YouTube Architecture – How Does It Serve High-Quality Videos With Low Latency
Earlier I wrote an article on how YouTube stores petabyte-scale data every single day. How does it store so many videos without running out of storage space? This write-up is an insight into the video processing & delivery architecture of YouTube. How does it serve high-quality videos with low latency?
So, without further ado. Let’s get on with it.
Below is the diagram for the high-level backend architecture of the video-sharing platform for reference. I’ve discussed it in the YouTube data storage article, I’ve linked above.
A key element in the process of storage and delivery of high-quality videos on YouTube is video transcoding. When a video is uploaded on Youtube it’s first transcoded from its original format to a temporary intermediate format to facilitate the conversion of the content in different resolutions & formats. More on this later, before that let’s have an insight into what video transcoding is?
Video transcoding is a technique of converting a video into multiple different formats and resolutions to make it playable across different devices and bandwidths. The technique is also known as video encoding. This enables YouTube to stream videos in different resolutions such as 144p, 240p, 360p, 480p, 720p, 1080p & 4K.
Delivery of content based on the network bandwidth and the device type of the end-user is known as adaptive streaming. Over the years YouTube has excelled at this. The idea is to reduce the buffering as much as possible.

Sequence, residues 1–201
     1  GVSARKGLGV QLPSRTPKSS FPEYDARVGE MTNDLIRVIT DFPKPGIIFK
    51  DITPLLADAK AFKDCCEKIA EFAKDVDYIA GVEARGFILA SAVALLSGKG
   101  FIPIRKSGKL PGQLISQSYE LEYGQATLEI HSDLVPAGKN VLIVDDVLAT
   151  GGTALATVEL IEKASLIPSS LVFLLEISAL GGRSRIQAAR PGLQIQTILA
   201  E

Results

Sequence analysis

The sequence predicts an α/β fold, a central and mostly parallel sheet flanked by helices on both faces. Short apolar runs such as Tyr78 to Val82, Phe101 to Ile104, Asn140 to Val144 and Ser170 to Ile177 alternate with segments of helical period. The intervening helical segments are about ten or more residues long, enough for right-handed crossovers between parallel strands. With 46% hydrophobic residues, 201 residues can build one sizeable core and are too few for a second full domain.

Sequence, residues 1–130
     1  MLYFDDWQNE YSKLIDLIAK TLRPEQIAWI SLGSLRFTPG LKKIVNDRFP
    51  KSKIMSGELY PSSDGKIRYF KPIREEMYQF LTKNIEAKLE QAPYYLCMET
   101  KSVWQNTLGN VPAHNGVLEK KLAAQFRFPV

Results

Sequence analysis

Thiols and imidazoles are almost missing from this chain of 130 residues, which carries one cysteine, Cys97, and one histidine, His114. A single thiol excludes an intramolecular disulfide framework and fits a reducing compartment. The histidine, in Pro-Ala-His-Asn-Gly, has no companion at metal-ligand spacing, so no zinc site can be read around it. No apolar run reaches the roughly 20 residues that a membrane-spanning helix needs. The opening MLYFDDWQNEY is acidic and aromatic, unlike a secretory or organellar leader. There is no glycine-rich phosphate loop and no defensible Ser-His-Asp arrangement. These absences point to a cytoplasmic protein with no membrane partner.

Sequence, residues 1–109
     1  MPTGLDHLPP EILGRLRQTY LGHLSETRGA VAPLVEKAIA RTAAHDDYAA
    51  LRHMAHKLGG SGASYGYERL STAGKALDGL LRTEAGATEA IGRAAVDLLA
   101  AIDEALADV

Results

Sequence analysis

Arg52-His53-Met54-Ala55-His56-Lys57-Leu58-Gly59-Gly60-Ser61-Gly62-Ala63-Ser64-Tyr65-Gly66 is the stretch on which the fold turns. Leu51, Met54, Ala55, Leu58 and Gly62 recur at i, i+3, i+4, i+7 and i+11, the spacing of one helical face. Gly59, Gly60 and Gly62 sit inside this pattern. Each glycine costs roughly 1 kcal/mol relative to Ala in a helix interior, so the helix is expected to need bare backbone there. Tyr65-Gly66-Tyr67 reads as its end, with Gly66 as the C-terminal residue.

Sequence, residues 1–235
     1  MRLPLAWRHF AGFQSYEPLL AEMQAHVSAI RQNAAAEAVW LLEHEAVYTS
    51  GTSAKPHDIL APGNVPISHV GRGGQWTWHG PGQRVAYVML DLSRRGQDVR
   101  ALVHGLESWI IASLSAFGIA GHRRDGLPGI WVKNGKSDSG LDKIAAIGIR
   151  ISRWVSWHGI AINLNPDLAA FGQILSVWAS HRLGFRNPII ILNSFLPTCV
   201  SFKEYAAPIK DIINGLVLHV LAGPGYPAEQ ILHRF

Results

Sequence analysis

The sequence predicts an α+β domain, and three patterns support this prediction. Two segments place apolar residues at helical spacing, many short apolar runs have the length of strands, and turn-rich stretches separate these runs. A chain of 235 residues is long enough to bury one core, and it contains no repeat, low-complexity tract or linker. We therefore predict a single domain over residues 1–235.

Imagine streaming a 4K video at only its original resolution, providing no lower resolutions. Without adaptive streaming, there is no way viewers with low bandwidth network can watch that 4K stream. This is definitely not an end-user experience anyone would want on a platform. Isn’t it?
Large video files are compressed into smaller size with the help of codecs. Codecs contain efficient algorithms that compress a video into smaller sizes. One of the most common widely used video codecs used today is H264. According to Wikipedia, this codec is the video compression standard and is used by over 91% of the video industry developers.
Lossless & Lossy Transcoding
Transcoding is possible in two ways lossless and lossy. You may have heard of these terms associated with data/image compression. Lossless means during transcoding from the original format to a new format, there is no loss of data. This means the new format video will also be, mostly, of the same size as the original video since there is no loss of data.
In the Lossy approach, some data is dropped from the original video in order to reduce the size of the new format. Lost data cannot be regained. It’s gone forever. You’ve might have experienced this when you upload a high-resolution DSLR camera image on a social network and after the upload, the image doesn’t look as good and detailed as the original image.
This is for one simple reason; the platform compressed the image losing some data from it in order to reduce it in size so that your connections can easily view it without experiencing any sort of download latency. Even videos are a series of still image frames. When you render an animation video the animation software generates the animation in frames and then we add all the frames together to create the final video.